The other approach, which is what you started in the second part of your question is the one I would avoid at all costs, and consists in keeping a pointer into a block of pointers into integers. This complicates memory management (you moved from having to delete a pointer into having to delete DimY+1 pointers --each array[i], plus array) and you also need to manually guarantee during allocation that all rows contain the same number of columns. There is a substantial increase in the number of things that can go wrong and no gain, but some actual loss (more memory required to hold the intermediate pointers, worse runtime performance as you have to double reference, probably worse locality of data...

Wrapping up: write a class that encapsulates the bidimensional object in terms of a contiguous block of memory (array if sizes are known at compile time --write a template for different compile time sizes--, std::vector if sizes are not known until runtime, pointer only if you have a compelling reason to do so), and pass that object around. Any other thing will more often than not just complicate your code and make it more error prone.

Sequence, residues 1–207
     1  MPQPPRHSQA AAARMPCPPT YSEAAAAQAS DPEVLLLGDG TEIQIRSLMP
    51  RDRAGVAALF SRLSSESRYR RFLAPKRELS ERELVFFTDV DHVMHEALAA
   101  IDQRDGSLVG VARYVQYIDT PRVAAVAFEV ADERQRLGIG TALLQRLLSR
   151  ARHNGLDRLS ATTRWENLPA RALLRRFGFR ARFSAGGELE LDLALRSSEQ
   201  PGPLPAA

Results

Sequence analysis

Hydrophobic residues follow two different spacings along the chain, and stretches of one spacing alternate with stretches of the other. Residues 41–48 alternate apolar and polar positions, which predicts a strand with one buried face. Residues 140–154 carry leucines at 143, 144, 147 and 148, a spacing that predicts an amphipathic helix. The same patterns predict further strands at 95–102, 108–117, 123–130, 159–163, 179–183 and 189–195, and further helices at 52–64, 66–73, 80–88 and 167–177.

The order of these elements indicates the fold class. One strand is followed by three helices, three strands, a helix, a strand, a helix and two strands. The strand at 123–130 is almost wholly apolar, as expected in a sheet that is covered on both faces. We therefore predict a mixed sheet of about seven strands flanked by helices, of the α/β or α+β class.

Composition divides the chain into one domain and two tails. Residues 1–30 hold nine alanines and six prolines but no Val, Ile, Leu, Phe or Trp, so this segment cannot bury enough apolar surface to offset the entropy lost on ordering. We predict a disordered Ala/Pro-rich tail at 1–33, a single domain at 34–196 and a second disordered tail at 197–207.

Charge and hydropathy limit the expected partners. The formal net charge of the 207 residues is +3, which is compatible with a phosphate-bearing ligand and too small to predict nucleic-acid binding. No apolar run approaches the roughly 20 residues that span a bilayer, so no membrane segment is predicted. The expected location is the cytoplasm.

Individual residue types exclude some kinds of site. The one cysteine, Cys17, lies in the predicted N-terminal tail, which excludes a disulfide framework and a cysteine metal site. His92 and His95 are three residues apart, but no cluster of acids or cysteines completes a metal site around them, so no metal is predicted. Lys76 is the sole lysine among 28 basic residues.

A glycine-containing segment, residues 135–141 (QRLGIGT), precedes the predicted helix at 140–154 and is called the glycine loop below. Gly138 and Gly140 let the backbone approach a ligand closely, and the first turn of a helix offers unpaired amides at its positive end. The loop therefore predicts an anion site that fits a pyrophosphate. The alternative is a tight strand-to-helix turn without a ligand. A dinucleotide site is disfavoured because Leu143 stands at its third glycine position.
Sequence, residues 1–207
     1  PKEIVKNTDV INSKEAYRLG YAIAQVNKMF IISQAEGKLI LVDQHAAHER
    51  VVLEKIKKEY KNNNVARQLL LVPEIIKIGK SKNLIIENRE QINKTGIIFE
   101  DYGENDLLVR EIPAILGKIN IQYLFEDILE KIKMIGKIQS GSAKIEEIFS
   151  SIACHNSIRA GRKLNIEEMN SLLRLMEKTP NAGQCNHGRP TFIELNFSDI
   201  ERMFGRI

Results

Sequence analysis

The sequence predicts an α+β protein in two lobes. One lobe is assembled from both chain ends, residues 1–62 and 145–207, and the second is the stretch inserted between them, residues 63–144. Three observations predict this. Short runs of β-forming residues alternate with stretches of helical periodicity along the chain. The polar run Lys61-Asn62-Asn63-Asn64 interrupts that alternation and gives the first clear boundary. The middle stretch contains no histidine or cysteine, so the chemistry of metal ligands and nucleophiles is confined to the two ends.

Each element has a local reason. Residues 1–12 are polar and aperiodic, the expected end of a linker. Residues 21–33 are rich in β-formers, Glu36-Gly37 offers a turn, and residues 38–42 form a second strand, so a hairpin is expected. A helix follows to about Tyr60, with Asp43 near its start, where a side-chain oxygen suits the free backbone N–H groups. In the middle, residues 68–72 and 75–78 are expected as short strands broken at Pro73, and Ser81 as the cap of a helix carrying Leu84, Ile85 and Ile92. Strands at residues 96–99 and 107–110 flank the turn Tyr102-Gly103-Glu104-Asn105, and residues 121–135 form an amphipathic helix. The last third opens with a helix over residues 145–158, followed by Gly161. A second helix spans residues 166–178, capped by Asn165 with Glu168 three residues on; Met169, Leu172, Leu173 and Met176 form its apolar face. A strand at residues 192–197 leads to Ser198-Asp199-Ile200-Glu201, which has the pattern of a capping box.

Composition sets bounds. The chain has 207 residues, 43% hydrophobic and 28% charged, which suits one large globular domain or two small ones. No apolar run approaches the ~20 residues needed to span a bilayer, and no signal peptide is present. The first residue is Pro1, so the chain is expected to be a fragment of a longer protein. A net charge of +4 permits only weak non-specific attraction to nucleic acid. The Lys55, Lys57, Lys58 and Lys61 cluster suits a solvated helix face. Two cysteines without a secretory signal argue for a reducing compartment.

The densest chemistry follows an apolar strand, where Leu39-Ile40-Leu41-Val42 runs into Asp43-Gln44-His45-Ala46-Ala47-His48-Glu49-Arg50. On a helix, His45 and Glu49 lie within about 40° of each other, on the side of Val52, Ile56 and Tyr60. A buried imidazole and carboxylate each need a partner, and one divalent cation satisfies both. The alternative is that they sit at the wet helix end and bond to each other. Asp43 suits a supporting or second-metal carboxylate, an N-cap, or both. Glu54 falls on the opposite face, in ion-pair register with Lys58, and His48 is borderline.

share|improve this answer

For your first question:

If you need to pass a ND array with variable size you can follow the following method to define such a function. So, in this way you can pass the required size arguments to the function. I have tested this in gcc and it works.

Example for 2D case:

void editArray(int M,int N,int matrix[M][N]){

//do something here

}
int mat[4][5];

editArray(4,5,mat);  //call in this way